IEnumerator is Unity’s version of parallel programming and it is supposed to be used in conjunction with StartCoRoutine.

Section 4: Destroying Objects

We now need a way to make sure the player ship and the missile that hit the ship is destroyed when the collision has been detected. We also want to make sure the spawned missiles will automatically be destroyed after a certain time has passed.

We have 2 separate destroy capabilities in this code. The first one, inside of the Start method will destroy the specified game object at the appropriate time frame which we will specify as 5 seconds. OnTriggerEnter is called when the Collider other enters the trigger. Basically, when one of the specified objects collide with a different object or another object of the same type; The object is destroyed.

Section 5: Adding life to the background

We should make it so that our plane with the fractal image scrolls to simulate a flying ship. It adds some life to the game, although it is not 100% needed. There are two ways we could do this, one would be attaching it to player movement or by creating a script to handle it alone. I opted for the standalone script due to the fact that the player is supposed to dodge obstacles and isn’t going to constantly be moving.


Now that we have some of our back end done, let’s start building it with Unity.

Part 3: Using Unity to build out the game

The fun part is about to begin, we will now attach scripts to their rightful places and test to make sure everything works out according to plan. We all know that bugs can happen or items could be placed in the correct area.

Step 1:

Attach the Player script to the Jet. We want the player to control the Jet, we also want the Jet to move independently from the camera.


The script says we need a rigid body component, so we should add that to our jet via add component, physics, rigid body.


Make sure to set angular drag to 0, and uncheck the use gravity property.


Now we can drag the jet game object onto the stiff body in the player controller. We also need to set our x min and y min to be -10. X max and y max should be 10. Tilt should be set at 5, and speed should be 10.


Step 2:

Moving on to the Missile prefab. We should click on it and add component, script, destroy missile.


Change the Lifetime property to be 5. We want the missile to last for 5 seconds before it destroys itself off screen.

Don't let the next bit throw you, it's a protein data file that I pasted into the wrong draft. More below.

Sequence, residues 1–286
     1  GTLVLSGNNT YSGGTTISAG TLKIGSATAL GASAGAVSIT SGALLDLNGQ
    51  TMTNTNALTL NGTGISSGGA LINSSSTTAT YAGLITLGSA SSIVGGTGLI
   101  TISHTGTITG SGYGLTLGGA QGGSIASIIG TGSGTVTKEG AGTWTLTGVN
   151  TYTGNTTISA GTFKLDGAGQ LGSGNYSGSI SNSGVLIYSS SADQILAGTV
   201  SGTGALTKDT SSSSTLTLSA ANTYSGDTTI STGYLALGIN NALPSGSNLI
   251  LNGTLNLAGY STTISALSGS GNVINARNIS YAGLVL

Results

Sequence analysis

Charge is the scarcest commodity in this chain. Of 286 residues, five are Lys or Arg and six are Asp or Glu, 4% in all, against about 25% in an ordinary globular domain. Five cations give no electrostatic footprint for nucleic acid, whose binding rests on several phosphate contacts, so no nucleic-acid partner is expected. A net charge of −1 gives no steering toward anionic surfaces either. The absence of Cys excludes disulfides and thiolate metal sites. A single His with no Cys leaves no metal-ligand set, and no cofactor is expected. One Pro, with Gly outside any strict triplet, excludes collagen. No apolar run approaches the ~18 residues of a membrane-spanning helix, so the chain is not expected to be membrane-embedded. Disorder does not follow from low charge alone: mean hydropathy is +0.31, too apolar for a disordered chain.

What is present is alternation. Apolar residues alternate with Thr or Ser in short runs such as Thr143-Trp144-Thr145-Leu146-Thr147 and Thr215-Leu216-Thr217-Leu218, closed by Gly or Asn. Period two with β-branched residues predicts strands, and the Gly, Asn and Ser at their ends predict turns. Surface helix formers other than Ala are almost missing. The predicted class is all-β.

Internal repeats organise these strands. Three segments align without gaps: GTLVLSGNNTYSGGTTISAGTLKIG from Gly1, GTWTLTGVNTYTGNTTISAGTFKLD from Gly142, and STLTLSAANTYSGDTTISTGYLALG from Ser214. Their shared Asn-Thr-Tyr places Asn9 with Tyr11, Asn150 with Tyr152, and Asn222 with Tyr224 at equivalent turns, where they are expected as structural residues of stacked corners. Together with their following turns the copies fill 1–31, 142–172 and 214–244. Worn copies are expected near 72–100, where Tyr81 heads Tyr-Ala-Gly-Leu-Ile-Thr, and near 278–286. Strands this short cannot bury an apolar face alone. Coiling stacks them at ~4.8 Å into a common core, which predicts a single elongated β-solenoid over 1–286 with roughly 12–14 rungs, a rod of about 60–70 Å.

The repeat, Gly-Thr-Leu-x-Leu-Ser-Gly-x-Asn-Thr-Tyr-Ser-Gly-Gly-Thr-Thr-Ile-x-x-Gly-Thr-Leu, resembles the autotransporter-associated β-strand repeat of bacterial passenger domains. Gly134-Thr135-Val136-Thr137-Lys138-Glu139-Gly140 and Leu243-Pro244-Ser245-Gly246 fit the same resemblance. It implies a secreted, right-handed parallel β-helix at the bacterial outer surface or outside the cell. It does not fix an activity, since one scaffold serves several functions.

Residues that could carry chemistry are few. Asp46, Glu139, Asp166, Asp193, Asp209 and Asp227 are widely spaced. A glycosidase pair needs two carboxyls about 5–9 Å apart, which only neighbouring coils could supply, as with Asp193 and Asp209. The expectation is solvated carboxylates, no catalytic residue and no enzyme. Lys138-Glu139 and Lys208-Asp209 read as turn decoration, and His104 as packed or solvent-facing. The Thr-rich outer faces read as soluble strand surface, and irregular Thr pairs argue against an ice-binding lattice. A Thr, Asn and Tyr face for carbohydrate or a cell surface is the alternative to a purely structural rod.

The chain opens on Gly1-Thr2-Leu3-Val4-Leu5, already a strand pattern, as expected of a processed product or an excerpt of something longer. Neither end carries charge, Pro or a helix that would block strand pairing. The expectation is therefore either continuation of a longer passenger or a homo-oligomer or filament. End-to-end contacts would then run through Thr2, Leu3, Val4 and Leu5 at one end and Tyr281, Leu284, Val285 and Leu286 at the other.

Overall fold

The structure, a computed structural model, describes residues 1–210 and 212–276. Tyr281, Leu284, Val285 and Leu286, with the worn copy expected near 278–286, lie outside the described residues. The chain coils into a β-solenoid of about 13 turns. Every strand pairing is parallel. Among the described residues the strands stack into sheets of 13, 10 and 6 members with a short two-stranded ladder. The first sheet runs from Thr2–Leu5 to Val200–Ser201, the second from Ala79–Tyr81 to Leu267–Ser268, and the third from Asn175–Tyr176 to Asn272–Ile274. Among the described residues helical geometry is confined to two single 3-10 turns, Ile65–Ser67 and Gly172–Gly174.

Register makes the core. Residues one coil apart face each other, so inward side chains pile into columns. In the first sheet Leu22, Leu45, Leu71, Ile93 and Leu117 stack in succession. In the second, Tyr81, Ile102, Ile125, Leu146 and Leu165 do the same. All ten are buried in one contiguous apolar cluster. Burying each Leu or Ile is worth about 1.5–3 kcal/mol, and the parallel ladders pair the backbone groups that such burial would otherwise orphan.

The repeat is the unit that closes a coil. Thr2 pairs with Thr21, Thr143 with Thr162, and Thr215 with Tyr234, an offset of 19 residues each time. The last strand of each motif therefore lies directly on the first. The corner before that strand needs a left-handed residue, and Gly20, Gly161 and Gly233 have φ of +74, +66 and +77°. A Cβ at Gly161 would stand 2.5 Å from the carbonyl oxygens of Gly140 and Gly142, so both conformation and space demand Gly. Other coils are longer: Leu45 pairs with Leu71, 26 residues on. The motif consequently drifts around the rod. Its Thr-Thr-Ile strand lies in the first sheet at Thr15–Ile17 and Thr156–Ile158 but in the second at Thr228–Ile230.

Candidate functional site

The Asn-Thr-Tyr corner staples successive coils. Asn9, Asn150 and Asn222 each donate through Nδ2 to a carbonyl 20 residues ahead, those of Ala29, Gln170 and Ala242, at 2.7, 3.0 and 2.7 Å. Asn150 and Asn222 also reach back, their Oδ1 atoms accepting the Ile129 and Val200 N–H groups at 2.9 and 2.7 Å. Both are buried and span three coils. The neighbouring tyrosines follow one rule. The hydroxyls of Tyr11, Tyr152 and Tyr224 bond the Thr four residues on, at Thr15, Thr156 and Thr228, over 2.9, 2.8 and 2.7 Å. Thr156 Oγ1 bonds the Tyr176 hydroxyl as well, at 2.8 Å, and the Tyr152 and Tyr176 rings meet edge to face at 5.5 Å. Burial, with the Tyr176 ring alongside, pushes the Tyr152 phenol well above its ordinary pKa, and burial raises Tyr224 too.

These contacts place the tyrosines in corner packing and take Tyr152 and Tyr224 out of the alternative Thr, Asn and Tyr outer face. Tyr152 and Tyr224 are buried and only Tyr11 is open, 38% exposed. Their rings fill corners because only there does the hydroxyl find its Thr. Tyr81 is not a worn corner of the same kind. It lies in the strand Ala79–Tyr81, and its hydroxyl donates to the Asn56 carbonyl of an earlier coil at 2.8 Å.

Step 3:

Create an empty Game Object in the hierarchy pane and rename it to Game Controller. (Note: You don’t have to change the x, y, z coordinates for this; I chose to because I am neurotic.)


Add component, script, missile controller or drag and drop the missile controller script onto Game Controller.


Attach the Missile prefab to the Hazard property in the Inspector Pane.


Step 4:

Select the Plane object and add the scroll plane script to it.


drag the plane from the hierarchy pane to the rend property in the Inspector pane.


Step 5:

Run the game and let’s see how it goes.


Whoops, looks like something is over writing our jet’s z position. This is why testing is important. We all make mistakes, including myself. So, let’s go back over the player controller script to see where the problem lies.

The problem does not lie in the code, rather, it lies in the constraints section of the Rigid body component. We need to make sure that we freeze the position and rotation on the z axis.


Now, this isn’t too much of a game currently even though it runs correctly now. We need to add some collisions to make the hazards… Well… hazardous!

Step 6:

Select the Jet and add component, physics, box collider.

Switch from game to scene view to take a look at how the box collider would be around the Jet.


Set the size to be as followed. X 68, Y 10, Z 68 and put a check in the box for is trigger.


We now need to do essentially the same thing with the Missile. I suggest you put a copy of the prefab on screen for editing.


Add the box collider component to it and Unity should auto size it to be perfect. Make sure Is Trigger is checked.


Click the apply button at the top of the inspector pane. This will save the changes to the prefab itself.


Now you can delete the Missile from the hierarchy pane.


Here are the final results:


Side Note:

If Unity keeps giving you issues about the rigid body component on the Missile, you can delete the code that references it in the Missile Controller Script or simply remove the rigid body from the missile in the Unity editor.

Revision to the code for the missile controller, in case you want to go that route.

Well, that’s it for today. To reiterate what we have gone over, we have set up the basic game skeleton for the game play. We expanded upon it by adding and writing the scripts needed for the game play. We added all of the images and models we needed for the basic game play as well.  Part 3 will cover the remaining portions for making this a full on game. I hope to see you there. May your code be robust and bug free, This is Jesse signing out.